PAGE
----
It came apart in my hands before it ever made it home--Chinese workmanship at its finest. I know it's an omen of some kind but I'll be damned if I can decide what it means--probably nothing more than "Never buy a umbrella out of season--you'll end up with one that they couldn't sell during those monsoon days that came when they were supposed to."

Sunday, March 6, 2011

Gone Baby Gone

My son and his wonderful girlfriend were here and now they're gone. As always, the hole that is left in my life by their departure is vast and it hurts. Childbirth was nothing in comparison to this.

Here is the curse of early motherhood. You are close enough in age to your children that they sometimes feel like quasi-siblings, which means that during the time that you were intended to explore and experiment, you were a parent. When parenting becomes less of an active job and more of an observatory occupation, you go out to see the world--and with everything you see, you wish your adult children were there to see it all with you.

And then they come and they go--or you visit them and leave--and you hurt more than you ever thought you could. You realize that the loves of your life are your offspring--everyone else was just an amuse-bouche--and you wish more than anything that you could become an on-tap, drop-in-when-you-have-time-kids sort of Mom with cookies fresh from the oven cooling on your kitchen counter and beer in the fridge. (Although that is a nauseating combination, isn't it, come to think of it...)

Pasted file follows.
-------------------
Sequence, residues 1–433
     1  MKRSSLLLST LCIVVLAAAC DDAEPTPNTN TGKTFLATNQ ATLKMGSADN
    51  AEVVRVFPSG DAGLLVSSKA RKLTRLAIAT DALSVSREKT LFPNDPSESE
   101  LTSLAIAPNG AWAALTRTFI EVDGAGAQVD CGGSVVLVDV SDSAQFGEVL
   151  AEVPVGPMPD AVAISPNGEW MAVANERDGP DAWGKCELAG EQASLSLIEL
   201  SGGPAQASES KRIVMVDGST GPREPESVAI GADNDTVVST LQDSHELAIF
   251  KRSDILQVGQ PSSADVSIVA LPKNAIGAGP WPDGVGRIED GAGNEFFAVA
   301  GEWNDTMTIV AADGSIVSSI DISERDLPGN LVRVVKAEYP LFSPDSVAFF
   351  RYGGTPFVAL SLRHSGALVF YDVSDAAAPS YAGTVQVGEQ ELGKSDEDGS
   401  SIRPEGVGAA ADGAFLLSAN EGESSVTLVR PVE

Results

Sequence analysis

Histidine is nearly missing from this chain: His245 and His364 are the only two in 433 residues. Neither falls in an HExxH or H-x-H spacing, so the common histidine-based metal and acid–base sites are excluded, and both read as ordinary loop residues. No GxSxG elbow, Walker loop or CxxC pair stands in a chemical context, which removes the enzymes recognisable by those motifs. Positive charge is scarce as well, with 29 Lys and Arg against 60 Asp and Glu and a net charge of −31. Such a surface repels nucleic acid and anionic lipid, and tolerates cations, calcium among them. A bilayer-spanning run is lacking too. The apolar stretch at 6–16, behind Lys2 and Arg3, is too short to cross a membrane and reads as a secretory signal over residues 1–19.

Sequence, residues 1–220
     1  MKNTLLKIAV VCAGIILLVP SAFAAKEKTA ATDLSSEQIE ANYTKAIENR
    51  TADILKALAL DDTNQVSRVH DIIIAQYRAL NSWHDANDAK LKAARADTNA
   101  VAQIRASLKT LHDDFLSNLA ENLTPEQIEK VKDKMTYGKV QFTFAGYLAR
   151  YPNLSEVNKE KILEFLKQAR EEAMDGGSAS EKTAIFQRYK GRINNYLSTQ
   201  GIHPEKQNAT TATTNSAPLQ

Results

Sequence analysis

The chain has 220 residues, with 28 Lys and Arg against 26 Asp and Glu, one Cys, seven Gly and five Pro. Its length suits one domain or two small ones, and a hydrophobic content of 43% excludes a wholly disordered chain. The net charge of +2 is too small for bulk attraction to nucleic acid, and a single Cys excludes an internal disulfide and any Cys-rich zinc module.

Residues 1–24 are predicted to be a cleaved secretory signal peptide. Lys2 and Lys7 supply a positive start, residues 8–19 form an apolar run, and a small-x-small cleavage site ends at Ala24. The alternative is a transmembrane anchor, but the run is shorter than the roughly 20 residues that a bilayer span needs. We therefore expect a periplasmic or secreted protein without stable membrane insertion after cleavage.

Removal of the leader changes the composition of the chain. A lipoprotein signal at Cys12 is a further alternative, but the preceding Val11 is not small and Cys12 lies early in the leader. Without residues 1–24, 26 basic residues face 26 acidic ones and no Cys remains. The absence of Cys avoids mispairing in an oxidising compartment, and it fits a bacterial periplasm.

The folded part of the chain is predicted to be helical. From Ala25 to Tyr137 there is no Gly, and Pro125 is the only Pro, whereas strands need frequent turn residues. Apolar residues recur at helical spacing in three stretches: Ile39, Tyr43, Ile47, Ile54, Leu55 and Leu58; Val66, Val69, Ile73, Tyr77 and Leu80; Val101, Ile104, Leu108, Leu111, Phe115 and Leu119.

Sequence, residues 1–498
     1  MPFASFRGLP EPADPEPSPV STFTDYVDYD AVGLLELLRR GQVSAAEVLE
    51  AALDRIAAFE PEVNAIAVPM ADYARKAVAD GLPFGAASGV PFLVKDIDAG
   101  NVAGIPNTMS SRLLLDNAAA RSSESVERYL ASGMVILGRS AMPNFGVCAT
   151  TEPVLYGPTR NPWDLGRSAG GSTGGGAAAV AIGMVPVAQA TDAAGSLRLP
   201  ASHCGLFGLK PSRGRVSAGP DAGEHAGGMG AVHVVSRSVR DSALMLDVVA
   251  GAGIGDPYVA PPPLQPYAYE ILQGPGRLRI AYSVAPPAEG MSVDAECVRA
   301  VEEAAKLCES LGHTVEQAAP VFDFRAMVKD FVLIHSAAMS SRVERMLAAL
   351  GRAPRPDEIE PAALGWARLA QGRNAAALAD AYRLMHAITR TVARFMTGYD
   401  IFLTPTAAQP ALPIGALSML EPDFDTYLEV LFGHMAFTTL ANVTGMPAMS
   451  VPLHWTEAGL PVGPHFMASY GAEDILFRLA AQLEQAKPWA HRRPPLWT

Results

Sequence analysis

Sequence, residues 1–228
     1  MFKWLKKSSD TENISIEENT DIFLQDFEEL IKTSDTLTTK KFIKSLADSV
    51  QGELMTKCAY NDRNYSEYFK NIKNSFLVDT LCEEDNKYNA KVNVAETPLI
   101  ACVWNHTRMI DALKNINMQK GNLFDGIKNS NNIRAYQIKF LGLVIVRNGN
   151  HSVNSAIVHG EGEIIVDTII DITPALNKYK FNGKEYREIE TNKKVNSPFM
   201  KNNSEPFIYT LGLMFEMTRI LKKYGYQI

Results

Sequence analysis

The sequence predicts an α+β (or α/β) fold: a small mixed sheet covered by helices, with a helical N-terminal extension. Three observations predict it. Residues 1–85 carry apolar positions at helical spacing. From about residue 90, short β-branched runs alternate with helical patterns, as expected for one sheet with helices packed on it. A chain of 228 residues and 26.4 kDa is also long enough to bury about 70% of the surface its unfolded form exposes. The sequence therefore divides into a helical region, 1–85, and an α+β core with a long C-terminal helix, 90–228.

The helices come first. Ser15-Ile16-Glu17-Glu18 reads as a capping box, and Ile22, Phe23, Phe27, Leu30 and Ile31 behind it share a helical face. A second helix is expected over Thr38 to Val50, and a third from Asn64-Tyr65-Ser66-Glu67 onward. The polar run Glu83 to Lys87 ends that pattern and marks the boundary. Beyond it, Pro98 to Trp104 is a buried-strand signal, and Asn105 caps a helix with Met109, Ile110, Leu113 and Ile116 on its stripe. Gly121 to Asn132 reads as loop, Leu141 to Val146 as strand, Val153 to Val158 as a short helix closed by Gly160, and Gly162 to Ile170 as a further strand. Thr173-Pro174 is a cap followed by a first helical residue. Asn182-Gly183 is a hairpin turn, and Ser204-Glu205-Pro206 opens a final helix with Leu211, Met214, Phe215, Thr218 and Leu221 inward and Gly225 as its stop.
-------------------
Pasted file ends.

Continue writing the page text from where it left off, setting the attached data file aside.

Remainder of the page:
By the time I'm old enough to stop roaming around and am ready to produce gingersnaps and snickerdoodles again, I'll be too old to be any fun for my sons to be around. (Feel free to edit that sentence--if it weren't mine, I certainly would.) Right now I have learned that I'm happiest when I can see something new with one of my children--I'm lucky. They're explorers too.

I've learned where home is and it is near my children. But there's still so much to see, so many stories to find. That's what seduces me into thinking that there's time to go just a little bit farther before I turn back to be with the people I love most on this whole crazy lovely messed-up planet.